How much do you teach them?

Confession:
My students will never win at Bible Jeopardy.

That’s not my goal.

I’d rather teach my preschoolers how to join in, participating alongside youth and adults, in that hour right before or after Sunday School called big church, morning worship, or mass.

If you desire head knowledge to become heart knowledge, 

If you believe that it is in our worship that God meets us,

If you want childlike faith to continue into the future,

Then I believe that you’ll best see your Christian education time as a partnership with and primary preparation for Eucharist.

And while I certainly believe that ongoing biblical studies are beneficial for a lifetime, I believe that it is the repetitious sacramental experiences with the church body that truly shape us and our faith.

Years ago, when I began compiling 52 Stories, I considered how each story answered three questions.

  • Who am I?
  • Who is God?
  • How should I live?

Let’s look at that creation beginning that I mentioned. (prior post in series here)

  • God is the creator of all things.
  • I am one of his creations.
  • Therefore, I should …

Praise him?

A child will ask, What is praise?”

I could explain, “A praise might be a great compliment.”

But, really, it may be much simpler to take this child by the hand and lead him into your sanctuary or chapel or to your mini-altar table.

It may be most effective to simply praise the creator of all things, bowing together within a place of beauty, and reciting a Creation Psalm, singing together The Doxology, or answering a common refrain such as this,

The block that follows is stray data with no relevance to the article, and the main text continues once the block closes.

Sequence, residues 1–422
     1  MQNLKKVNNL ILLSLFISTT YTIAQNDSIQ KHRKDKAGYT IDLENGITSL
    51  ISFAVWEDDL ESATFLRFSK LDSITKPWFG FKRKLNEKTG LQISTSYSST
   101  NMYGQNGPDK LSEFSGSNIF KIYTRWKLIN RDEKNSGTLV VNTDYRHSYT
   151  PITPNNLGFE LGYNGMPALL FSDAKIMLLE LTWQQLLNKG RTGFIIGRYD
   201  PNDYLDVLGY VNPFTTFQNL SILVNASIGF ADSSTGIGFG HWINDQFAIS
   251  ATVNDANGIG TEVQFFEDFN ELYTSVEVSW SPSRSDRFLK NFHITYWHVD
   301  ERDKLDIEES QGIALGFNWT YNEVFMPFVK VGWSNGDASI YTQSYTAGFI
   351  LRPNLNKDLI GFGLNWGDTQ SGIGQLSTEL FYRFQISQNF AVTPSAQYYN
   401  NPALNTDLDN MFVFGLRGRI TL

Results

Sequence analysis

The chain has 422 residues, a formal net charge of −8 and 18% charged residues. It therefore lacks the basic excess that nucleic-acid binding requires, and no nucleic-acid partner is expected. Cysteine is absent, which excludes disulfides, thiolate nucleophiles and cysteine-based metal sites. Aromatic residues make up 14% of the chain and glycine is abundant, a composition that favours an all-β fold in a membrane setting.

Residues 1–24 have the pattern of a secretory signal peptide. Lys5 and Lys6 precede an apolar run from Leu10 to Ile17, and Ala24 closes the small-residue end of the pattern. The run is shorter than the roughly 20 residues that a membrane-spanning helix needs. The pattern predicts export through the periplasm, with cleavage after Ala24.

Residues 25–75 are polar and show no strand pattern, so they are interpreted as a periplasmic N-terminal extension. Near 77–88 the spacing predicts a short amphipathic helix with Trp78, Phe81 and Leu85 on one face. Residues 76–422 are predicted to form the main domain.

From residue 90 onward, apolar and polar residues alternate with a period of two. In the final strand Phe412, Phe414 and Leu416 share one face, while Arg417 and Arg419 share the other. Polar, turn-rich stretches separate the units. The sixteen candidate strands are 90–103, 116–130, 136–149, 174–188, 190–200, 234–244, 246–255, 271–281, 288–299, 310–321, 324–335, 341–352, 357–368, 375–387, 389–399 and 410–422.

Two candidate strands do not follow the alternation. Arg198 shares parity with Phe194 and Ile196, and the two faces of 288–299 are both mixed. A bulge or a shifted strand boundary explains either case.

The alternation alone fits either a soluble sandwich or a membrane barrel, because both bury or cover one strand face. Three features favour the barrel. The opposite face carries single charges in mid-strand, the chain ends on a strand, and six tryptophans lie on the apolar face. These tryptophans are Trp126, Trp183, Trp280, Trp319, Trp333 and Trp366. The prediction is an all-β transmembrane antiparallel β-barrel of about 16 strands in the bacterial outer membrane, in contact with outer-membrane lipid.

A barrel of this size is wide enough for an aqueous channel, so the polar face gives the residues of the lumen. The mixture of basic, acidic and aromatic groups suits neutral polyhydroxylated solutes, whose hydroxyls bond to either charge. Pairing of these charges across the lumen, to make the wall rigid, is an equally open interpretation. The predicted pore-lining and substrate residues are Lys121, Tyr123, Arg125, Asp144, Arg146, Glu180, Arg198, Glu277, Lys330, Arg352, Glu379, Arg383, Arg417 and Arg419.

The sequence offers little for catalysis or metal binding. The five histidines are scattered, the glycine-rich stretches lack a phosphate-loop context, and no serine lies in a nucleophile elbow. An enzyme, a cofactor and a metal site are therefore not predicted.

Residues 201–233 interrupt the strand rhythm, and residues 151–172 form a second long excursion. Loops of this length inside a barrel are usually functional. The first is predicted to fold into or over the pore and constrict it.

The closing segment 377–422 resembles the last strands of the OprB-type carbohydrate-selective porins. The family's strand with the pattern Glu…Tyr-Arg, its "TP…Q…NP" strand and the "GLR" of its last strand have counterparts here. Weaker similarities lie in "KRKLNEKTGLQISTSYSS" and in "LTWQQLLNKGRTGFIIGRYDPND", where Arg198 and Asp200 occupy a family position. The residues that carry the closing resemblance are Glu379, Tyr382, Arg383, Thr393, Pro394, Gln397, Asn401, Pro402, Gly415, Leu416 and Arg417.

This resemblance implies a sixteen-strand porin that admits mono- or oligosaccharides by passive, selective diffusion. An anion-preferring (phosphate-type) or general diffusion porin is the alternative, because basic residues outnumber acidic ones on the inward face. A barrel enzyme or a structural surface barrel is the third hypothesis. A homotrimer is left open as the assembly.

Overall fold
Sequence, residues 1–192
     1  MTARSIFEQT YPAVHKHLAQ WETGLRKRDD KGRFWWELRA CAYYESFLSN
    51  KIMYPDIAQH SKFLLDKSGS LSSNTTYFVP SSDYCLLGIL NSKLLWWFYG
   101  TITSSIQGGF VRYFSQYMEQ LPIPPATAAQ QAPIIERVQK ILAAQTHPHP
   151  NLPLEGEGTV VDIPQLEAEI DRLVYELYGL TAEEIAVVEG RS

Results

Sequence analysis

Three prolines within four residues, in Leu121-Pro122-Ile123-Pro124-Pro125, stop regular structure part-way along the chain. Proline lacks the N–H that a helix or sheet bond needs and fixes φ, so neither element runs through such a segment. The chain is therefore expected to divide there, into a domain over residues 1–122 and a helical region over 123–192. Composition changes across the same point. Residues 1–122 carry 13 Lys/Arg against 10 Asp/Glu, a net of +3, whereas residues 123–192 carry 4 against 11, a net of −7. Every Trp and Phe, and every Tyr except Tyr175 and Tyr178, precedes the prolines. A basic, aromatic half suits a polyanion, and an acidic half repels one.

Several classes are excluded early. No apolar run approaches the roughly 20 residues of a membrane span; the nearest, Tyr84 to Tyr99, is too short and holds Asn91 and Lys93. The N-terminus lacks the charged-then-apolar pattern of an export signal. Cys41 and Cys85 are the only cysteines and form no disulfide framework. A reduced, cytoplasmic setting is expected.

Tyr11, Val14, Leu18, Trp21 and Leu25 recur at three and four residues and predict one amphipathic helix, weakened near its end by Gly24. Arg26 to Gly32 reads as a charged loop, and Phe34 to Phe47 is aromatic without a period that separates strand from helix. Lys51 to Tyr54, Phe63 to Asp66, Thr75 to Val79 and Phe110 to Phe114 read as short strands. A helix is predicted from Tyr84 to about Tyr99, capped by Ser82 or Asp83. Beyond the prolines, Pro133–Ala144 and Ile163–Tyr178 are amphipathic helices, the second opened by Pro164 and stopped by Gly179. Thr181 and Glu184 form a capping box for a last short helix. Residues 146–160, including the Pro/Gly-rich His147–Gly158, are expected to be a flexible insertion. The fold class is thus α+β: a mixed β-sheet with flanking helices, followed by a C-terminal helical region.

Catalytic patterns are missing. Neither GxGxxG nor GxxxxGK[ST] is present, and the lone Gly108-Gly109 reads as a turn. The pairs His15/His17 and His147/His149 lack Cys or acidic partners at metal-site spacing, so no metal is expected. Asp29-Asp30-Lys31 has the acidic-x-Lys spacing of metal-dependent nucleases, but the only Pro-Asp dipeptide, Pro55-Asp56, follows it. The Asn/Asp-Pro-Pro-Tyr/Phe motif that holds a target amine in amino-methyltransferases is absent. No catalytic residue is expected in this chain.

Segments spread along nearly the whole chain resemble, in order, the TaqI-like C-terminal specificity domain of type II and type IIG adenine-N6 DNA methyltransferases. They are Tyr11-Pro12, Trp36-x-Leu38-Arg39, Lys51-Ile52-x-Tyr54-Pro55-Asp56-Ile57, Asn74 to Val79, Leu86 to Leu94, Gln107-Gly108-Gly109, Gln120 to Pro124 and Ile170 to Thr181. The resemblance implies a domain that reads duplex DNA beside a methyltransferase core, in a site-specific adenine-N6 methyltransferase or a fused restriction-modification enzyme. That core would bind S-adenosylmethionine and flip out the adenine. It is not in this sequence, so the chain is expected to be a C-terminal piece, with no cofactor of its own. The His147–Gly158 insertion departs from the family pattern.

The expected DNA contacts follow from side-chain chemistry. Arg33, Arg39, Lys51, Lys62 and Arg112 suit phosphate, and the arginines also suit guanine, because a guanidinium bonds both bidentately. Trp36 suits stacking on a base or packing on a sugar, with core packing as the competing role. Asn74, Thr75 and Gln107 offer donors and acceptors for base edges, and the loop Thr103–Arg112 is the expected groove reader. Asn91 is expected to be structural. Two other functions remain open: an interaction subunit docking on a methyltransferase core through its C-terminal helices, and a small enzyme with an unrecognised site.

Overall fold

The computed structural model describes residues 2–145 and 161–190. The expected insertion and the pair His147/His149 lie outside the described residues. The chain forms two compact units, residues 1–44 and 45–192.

Blessed be God, Father, Son, and Holy Spirit.
And blessed be his kingdom, now and forever.

 

What parts of worship would you include in your beginning unit on creation?





 

 

What I’d like to teach this year

I’d like to start at the very beginning and get that right.

 

Do you sing along with Julie Andrews in The Sound of Music like I do?

As the movie shares how Governess Maria brings joy to seven grief-stricken von Trapp children, I find myself longing for that playful, exuberant spirit in the children that I know.

And as those same movie children go on to experience real fears for safety and cling to each other, I find myself hoping for that same family rootedness and resolve in my own.

If we believe that faith, not sentimental story and song, is the basis for a life of peace and joy, of calm in chaos, then how do we teach faith?

What if we began with “God made me…”

Hear that. God made you. You are good.

Hear this, too. God made each person that you meet.

What if we added how “God made all things …”

Everything. Humongous things. Microscopic things. Intricate, detailed things. Beautiful things. Useful things.

Things visible and invisible.

What if instead of rushing to floods and clouds of fire and giants and sling shots and big fish that spit up men, we simply took a few weeks to settle into this great belief that God is creator of all things…

How much would it matter?

Each week we recite the words of the Nicene Creed.

Do we base our foundational teaching on it?

Why not?

My first unit of teaching preschoolers this year will find me saying these things.

Over and over.

We believe in one God, the Father, the Almighty, maker of heaven and earth, of all that is, seen and unseen.

What difference does this belief make in your life…